Author: Lyle Lasala
I used to just brush off the stories my dad would talk about when he was in school- how he “had to walk miles, mountains” just to get to school or work. I’ve always just rolled my eyes, shrugged it off, and nodded my head with a “okay dad, uh huh”. I guess the proof is there since my dad’s calves are slightly disproportional to the rest of his 5’8’’ figure. However, I’ve noticed and appreciate the clearness and mindfulness my dad has whenever he does go on a daily stroll around the local park. That sense of clarity is what I’ve come to admire from his generation, a generation that didn’t have a lot of alerting distractions, which is something I do somewhat agree on whenever he talks about how our current generation is so distracted.
With school, work, friends, internships, clubs, adventures, and everything else in our lives we walk all the time. Walking to get to our destination is second nature, we learn to stay balanced on our two feet and move from the early couple of years of infancy. With it being second nature, we don’t think about the motion plain by itself and add on to this ability whether by listening to music, conversing on the go, eating a quick snack, or worrying about an exam we clearly didn’t study enough for before heading to class. We never focus on just walking. I mean don’t get me wrong it’s kind of hard nowadays to just focus on one thing from point A to point B, or even have one focus at all since the hectic hustle and bustle of our busy lives makes us multitask. Even if we’re all cleared up, we have Instagram, Facebook, Twitter, Spotify and everything else on our phones to distract us. It has become innate to check on our devices every now and then while we venture out to reach a location.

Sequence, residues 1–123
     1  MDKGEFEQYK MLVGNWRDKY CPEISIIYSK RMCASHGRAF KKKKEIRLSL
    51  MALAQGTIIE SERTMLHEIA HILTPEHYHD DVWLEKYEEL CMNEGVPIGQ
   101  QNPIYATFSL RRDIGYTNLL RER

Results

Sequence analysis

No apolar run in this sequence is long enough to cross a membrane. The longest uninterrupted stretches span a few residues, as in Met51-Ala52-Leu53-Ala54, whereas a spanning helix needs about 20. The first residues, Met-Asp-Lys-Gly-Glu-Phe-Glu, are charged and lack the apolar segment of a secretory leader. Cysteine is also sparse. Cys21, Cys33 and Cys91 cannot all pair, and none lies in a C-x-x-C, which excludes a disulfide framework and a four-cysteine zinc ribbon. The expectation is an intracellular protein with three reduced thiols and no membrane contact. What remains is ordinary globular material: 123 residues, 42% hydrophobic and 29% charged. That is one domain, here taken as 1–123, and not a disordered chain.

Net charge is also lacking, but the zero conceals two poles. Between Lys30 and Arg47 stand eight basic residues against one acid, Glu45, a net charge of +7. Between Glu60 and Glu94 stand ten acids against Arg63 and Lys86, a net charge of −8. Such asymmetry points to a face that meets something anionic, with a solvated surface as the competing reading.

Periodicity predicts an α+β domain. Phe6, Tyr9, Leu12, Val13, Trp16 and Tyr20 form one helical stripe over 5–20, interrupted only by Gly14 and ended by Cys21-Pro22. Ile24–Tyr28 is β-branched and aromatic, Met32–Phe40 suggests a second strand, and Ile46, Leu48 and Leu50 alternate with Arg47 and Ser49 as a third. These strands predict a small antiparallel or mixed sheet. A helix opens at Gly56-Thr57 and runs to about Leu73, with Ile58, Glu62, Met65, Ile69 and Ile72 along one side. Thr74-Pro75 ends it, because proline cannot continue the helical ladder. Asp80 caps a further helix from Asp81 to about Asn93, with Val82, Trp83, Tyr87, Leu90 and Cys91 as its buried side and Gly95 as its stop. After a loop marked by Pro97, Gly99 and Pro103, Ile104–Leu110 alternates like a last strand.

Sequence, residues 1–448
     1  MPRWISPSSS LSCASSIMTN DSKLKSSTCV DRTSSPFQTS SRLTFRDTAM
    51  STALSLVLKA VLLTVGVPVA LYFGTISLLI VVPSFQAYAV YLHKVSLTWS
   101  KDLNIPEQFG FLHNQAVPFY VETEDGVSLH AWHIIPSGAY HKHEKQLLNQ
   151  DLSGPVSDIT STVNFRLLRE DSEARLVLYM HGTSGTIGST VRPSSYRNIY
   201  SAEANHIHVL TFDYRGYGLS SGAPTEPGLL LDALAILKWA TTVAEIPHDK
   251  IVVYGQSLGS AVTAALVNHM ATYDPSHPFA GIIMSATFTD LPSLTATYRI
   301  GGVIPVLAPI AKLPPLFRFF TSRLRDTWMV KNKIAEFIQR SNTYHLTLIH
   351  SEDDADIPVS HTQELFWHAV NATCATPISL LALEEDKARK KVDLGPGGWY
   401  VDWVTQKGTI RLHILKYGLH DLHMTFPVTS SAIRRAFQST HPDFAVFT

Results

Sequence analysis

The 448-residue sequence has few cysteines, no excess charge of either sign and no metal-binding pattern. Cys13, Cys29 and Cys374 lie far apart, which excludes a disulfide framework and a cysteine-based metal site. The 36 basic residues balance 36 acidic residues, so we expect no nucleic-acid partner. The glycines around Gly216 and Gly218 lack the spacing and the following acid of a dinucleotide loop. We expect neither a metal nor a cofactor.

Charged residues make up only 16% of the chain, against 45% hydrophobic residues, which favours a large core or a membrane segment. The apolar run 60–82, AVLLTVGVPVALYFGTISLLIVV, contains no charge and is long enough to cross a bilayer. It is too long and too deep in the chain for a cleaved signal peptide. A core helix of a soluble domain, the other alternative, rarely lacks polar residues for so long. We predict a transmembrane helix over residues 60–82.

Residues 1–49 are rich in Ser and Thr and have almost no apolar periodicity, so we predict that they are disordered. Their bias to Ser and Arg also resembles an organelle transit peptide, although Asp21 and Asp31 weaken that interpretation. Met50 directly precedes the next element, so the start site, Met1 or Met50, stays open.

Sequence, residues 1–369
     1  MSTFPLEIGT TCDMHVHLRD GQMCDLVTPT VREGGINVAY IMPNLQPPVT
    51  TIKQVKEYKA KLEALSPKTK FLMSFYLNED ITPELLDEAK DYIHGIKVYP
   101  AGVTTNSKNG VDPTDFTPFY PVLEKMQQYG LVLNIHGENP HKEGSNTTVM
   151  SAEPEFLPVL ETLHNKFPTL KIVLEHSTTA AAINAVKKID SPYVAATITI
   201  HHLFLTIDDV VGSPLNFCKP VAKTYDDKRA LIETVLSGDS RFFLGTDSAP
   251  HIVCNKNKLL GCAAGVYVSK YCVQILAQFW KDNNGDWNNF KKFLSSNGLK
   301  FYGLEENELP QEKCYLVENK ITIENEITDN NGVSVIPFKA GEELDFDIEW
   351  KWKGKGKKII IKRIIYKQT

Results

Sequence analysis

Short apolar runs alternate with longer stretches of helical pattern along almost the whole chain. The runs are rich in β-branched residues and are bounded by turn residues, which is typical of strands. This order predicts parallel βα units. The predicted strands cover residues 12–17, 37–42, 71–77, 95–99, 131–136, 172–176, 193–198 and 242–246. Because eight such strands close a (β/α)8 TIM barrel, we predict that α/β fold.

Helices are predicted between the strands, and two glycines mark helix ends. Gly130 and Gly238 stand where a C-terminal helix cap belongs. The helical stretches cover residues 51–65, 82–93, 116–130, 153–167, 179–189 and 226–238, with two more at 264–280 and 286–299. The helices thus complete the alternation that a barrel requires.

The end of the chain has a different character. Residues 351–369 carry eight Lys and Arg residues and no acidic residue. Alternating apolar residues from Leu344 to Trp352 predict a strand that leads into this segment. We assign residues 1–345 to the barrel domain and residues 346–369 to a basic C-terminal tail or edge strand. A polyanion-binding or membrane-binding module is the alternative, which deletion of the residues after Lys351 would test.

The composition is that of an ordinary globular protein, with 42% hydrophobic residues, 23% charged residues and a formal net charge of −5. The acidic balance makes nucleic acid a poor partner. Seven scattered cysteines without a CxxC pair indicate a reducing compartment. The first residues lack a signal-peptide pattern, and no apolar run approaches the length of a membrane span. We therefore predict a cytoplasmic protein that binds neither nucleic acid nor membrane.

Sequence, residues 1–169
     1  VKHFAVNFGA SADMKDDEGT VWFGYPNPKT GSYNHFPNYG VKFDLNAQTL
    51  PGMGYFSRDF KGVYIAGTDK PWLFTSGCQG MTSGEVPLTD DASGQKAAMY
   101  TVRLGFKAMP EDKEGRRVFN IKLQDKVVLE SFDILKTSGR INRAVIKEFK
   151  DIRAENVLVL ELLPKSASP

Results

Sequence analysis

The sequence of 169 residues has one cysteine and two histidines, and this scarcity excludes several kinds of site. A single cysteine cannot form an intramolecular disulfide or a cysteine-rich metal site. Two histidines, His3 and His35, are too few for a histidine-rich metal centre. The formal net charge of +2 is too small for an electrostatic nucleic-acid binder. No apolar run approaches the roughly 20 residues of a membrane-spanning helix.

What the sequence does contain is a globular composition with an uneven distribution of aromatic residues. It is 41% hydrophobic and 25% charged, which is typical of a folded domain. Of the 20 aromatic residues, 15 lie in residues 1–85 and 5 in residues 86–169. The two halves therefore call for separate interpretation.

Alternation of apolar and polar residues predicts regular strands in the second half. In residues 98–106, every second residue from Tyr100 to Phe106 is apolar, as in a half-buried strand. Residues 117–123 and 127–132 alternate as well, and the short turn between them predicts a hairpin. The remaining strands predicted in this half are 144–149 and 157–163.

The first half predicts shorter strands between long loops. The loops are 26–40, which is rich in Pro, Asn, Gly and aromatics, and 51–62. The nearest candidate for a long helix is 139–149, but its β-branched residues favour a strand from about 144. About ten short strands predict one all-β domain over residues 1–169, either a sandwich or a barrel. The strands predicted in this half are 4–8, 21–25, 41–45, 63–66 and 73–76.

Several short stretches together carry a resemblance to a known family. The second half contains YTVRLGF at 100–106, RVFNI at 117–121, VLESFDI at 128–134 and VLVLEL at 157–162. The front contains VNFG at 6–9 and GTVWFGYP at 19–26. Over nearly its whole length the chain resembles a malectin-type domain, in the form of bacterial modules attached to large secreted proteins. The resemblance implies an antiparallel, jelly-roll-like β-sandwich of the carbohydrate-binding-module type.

Since I was little, I always loved just wandering and taking the long way. Whether it’s opting for the stairs, taking the road less traveled, or walking home from school, I just appreciate the journey of whatever I have done. Breathing, being mindful, and nothing else. I’ve come to appreciate this more than ever since beginning college. Walking aimlessly around campus, a local neighborhood, or taking the lightrail downtown. Walking makes me reflect on things that come up organically, things that aren’t force or pre-set. Big realizations have come up just strolling through the Burke Gilman Trail or Green lake. Letting yourself just be and taking 30 minutes out of your day, turning off the distractions, and venturing to anywhere is elementary.
Before the information era, this was life. Walking upright, glancing at people and respectfully smiling as they passed by, not crouching over and having our eyes glued down to our phones and just having things come as they are. I’ve had to relearn this since my reliability and loyalty to my iPhone has been at an all-time high. I can’t fully remember what I did 10 years ago without an electronic device by me. Did I just look off to the distance aimlessly? In reality this is pretty pitiful to me. With the health benefits of walking like getting a dosage of endorphins, reduced levels of stress, more oxygen being inhaled, along with psychological benefits, I do remember 10 years ago this was the time I was more creative, active, and optimistic. Again, even though walking is second nature and basically so small of a thought to think of while going through the motions of our lives, I definitely don’t want to take this ability for granted.